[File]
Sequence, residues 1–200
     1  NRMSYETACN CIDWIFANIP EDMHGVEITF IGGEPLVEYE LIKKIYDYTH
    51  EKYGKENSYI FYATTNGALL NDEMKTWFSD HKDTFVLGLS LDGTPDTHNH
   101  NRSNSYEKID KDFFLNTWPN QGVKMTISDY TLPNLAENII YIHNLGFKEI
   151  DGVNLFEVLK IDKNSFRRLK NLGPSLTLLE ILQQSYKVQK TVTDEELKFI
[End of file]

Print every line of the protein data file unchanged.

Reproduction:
Sequence, residues 1–200
     1  NRMSYETACN CIDWIFANIP EDMHGVEITF IGGEPLVEYE LIKKIYDYTH
    51  EKYGKENSYI FYATTNGALL NDEMKTWFSD HKDTFVLGLS LDGTPDTHNH
   101  NRSNSYEKID KDFFLNTWPN QGVKMTISDY TLPNLAENII YIHNLGFKEI
   151  DGVNLFEVLK IDKNSFRRLK NLGPSLTLLE ILQQSYKVQK TVTDEELKFI